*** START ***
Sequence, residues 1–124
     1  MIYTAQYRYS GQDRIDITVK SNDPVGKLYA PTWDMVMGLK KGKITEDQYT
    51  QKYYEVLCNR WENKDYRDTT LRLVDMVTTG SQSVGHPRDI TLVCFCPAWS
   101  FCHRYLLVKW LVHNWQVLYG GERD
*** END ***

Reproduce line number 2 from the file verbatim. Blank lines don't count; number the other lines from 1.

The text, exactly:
     1  MIYTAQYRYS GQDRIDITVK SNDPVGKLYA PTWDMVMGLK KGKITEDQYT